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The Customer Citizenship Behaviors of Food Blog Users

Department of Tourism Management, National Kaohsiung University of Applied Sciences, Kaohsiung 807, Taiwan
Department of Tourism Affairs, Tzu Hui Institute of Technology, Pingtung 926, Taiwan
Department of Leisure, Recreation and Tourism Management, Tzu Hui Institute of Technology, Pingtung 926, Taiwan
Author to whom correspondence should be addressed.
Sustainability 2015, 7(9), 12502-12520;
Submission received: 13 June 2015 / Revised: 5 August 2015 / Accepted: 8 September 2015 / Published: 11 September 2015
(This article belongs to the Section Economic and Business Aspects of Sustainability)


Compared with previous studies that have focused on customers’ behavioral intentions or the factors that influence purchase behaviors on blogs or discussion boards, in this study, we examine the factors of independent food blogs or discussion boards that influence users’ customer citizenship behaviors. Six food blogs were selected based on the flow rate and food diaries. 323 Subjects were chosen from the blog user population and then interviewed to develop the data needed for this study. The results indicate that psychological needs, customer satisfaction, and customer-company identification positively affect customer citizenship behaviors. High satisfaction of customer-orientation is a critical management strategy on food blogs. This study adapts physically existing organizational behavior theory through appropriate inference and modification for virtual community. Unlike past studies that focused on customer purchase intention, this study emphasizes customer value and social media of the virtual community.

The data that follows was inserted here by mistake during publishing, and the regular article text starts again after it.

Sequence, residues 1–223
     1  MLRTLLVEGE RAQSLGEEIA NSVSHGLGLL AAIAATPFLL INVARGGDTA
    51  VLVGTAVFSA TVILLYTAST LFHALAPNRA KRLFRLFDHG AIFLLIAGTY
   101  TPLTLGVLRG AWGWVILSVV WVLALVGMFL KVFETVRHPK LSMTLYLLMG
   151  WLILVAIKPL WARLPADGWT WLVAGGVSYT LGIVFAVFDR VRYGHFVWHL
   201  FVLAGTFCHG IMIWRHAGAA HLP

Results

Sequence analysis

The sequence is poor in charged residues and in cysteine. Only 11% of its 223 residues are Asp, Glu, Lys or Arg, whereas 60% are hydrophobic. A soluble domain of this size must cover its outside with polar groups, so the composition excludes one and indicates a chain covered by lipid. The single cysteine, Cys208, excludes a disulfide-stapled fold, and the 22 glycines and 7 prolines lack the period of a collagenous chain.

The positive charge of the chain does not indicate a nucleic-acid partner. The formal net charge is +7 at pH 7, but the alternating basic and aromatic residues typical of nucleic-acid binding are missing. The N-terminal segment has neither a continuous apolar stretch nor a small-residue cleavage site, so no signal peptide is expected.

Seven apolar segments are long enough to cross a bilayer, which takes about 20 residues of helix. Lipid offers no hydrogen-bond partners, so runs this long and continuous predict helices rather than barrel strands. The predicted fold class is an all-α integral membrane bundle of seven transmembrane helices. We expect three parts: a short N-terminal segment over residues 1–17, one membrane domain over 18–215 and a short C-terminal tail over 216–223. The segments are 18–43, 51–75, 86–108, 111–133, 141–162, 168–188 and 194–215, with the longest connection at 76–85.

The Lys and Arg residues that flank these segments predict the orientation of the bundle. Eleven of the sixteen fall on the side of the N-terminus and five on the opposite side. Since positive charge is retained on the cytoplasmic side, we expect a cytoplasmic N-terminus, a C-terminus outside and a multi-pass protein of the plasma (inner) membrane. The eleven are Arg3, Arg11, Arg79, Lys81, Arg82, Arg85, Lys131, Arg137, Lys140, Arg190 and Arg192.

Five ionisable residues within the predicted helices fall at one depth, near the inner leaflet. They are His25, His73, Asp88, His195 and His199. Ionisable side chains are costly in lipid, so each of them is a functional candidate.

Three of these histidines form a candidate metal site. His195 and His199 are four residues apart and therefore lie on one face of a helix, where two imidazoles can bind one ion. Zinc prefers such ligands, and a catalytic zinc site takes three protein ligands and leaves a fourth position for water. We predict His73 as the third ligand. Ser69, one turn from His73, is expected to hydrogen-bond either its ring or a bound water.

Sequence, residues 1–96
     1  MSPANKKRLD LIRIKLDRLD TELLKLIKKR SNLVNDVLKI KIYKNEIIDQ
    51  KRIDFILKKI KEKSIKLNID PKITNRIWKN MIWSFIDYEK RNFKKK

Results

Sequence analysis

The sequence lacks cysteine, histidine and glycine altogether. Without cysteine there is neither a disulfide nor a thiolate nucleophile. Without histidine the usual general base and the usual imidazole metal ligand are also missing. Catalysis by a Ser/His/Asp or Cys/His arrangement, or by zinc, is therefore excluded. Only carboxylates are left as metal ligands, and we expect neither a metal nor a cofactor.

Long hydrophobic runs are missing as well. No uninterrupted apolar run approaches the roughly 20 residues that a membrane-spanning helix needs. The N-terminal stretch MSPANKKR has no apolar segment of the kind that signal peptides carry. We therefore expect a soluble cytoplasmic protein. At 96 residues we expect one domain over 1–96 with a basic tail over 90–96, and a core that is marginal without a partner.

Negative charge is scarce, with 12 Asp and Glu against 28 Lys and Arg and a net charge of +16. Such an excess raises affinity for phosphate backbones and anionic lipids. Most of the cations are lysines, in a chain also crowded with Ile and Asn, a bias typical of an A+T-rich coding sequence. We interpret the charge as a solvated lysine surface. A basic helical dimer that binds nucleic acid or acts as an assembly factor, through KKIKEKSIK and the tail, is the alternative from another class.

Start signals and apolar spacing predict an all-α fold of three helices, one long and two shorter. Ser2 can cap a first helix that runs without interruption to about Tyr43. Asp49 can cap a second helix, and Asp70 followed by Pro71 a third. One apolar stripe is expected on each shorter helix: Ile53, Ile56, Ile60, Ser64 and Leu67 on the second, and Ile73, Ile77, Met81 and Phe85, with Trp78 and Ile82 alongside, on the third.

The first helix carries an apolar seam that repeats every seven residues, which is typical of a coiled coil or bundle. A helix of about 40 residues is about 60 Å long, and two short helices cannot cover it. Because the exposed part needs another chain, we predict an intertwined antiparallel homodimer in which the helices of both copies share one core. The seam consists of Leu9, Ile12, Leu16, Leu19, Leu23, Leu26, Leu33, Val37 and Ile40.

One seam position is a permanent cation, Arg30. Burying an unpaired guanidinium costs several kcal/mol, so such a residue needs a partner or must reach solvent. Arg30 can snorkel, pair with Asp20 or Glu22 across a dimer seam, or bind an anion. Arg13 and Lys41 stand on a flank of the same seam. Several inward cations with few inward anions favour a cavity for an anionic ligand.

1. Introduction

With internet technology evolving, blogs have become a global phenomenon. They have had a substantial impact on the hospitality and tourism industry [1], and they are essential as a way to circulate information regarding product quality through the Internet [2,3]. Wang [4] presented that Technorati attempted to understand the ranking of diverse blogging topics, and his results revealed that the category involving food, beverage, and some food-related topics, is ranked third among the top 18 topics on blogging. From Pollster online survey [5] for browsing profiles of blogs in Taiwan showed that food blogs ranked the first position (15.14%), love blogs (between man and woman) (12.72%), and travel blogs (12.54%) were next. Blogs that discuss fine foods in Taiwan are becoming a popular habit of life, and people often make decisions about delicacies because of evaluations based on information obtained from the Internet.